Mindfulness can similarly benefit school leaders in their professional relationships, allowing them to adopt a more reflective attitude to 1-1s and the development of colleagues. The key role of developing others in being an effective leader, means there are strong links between coaching and school leadership,
Coaching experts Passmore and Marianetti have concluded that mindfulness training can help coaches in four areas:
- Preparing for the coaching session
- Maintaining focus on the coachee
- Remaining emotionally detached from coachees issues
- Teaching mindfulness techniques to the coachee
Regular and sustained practice of mindfulness can aid coaches in becoming more aware of their own reactions to their clients. It can put space between themselves and their emotional reactions, allowing them to respond from the perspective of what will benefit their client rather than automatic emotion.
Mindfulness can also help empathise with clients more clearly. This enables the coach to understand what will create the best conditions for the personal change that a client may need to make. It may also help coaches to resist the temptation to share their own stories and instead apply themselves more skilfully to listening.
After a coaching session, mindfulness can help coaches to reflect on their coaching practice. For example, mindfulness encourages a spirit of self-kindness rather than self-judgement, allowing us to acknowledge all our experiences, rather than focusing on the ones we want to see or ignoring those that seem undesirable. After this, coaches may see their coaching from a new or different perspective.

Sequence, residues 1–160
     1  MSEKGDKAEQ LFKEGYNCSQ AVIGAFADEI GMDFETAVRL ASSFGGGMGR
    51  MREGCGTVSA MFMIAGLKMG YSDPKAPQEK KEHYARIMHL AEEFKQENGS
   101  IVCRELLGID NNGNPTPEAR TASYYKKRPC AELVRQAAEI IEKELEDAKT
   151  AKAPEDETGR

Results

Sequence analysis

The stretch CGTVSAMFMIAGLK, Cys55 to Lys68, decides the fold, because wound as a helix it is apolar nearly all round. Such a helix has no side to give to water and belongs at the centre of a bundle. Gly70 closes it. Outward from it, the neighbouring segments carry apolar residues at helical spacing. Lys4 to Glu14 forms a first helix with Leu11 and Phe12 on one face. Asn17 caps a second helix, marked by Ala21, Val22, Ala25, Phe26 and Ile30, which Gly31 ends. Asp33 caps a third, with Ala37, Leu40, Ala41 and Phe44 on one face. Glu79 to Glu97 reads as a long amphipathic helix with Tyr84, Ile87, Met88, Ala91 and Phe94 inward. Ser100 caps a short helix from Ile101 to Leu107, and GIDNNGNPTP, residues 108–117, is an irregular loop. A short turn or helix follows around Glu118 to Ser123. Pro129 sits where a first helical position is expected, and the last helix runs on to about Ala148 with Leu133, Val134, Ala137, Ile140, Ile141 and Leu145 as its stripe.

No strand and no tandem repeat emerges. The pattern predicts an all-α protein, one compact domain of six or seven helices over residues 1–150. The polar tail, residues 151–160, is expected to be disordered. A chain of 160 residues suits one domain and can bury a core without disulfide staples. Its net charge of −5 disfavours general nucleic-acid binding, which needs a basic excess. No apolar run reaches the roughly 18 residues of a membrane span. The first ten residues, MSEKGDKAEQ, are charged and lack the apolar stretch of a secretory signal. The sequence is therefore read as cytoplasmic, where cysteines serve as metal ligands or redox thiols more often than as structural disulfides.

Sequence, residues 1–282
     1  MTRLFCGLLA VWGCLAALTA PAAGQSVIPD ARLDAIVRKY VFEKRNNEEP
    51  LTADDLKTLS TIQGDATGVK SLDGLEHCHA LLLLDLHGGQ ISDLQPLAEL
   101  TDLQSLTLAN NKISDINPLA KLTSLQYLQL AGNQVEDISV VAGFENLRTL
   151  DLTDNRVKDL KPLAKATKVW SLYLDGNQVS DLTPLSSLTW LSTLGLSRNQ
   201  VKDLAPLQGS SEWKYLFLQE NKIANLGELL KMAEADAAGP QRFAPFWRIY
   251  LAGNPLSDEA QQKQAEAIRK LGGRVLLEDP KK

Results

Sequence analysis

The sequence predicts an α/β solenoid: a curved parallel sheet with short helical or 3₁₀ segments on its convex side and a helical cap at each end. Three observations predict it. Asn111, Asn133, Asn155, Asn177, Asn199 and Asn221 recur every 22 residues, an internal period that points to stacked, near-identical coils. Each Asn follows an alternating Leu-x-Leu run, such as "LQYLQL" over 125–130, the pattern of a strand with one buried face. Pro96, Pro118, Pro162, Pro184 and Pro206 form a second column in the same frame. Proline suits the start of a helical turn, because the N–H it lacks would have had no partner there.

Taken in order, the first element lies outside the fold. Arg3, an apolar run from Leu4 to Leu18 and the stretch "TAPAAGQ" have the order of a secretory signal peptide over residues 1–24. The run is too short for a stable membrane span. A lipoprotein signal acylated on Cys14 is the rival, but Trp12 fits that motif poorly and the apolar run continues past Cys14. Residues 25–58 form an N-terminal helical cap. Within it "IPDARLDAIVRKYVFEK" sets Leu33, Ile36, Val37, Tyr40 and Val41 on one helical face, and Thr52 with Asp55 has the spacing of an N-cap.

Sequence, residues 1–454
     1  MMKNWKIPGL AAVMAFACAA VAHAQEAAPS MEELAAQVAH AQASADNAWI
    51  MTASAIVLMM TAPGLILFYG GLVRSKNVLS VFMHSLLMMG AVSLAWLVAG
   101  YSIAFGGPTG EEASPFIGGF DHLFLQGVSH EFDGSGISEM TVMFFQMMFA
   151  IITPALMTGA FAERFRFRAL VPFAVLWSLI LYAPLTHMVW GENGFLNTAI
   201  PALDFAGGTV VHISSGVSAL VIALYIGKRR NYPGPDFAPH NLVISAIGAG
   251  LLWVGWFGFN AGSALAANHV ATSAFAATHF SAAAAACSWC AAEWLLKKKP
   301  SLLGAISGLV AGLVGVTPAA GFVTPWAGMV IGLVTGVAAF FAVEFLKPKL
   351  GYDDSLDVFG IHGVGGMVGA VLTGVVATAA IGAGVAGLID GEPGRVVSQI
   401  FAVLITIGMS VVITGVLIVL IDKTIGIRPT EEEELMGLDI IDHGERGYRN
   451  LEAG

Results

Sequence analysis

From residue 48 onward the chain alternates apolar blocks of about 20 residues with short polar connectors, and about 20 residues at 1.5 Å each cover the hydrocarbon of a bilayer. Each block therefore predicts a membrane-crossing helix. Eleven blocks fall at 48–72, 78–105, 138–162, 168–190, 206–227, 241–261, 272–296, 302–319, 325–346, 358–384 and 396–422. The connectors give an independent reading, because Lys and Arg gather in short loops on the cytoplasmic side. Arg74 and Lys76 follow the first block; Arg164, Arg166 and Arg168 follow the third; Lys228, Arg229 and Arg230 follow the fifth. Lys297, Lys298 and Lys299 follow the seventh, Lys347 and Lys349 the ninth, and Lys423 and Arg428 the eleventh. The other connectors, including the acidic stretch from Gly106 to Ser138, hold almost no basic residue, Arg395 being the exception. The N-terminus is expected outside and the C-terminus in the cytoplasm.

Like much in the development of new behaviours and habits, learning mindfulness takes times but it will have a long-term impact on you and those you may be coaching or line-managing.
Try Mindfulness Out: Three Steps
But you don’t just have to read about it, so we’ve included a simple exercise that can help you try out one part of mindfulness. The steps can be performed within a minute or two or be extended into a longer practice.
- Begin by finding a location where you feel comfortable. Close your eyes and ask yourself; “What’s going on with me right now? What thoughts are in my mind?”
Are there any emotions alongside these? Are there any physical sensations? Are there impulses or urges to act in a certain way?
This is a way of checking in with yourself and acknowledging what is happening right now. This may take from 10 seconds to a minute or two depending on what’s going on.
- When you are ready, gently shift the focus of attention to your breath. Identify where you feel movement as you inhale and as you exhale.
Allow your awareness to settle on your breathing for a few moments.
- Now expand your awareness outwards to include your whole body.
Become aware of whatever you find here: breathing, sensations in the body, tensions. You may get distracted but this is normal - simply return your attention to your body.
When you’re ready, return your focus to just the breath, and then open your eyes.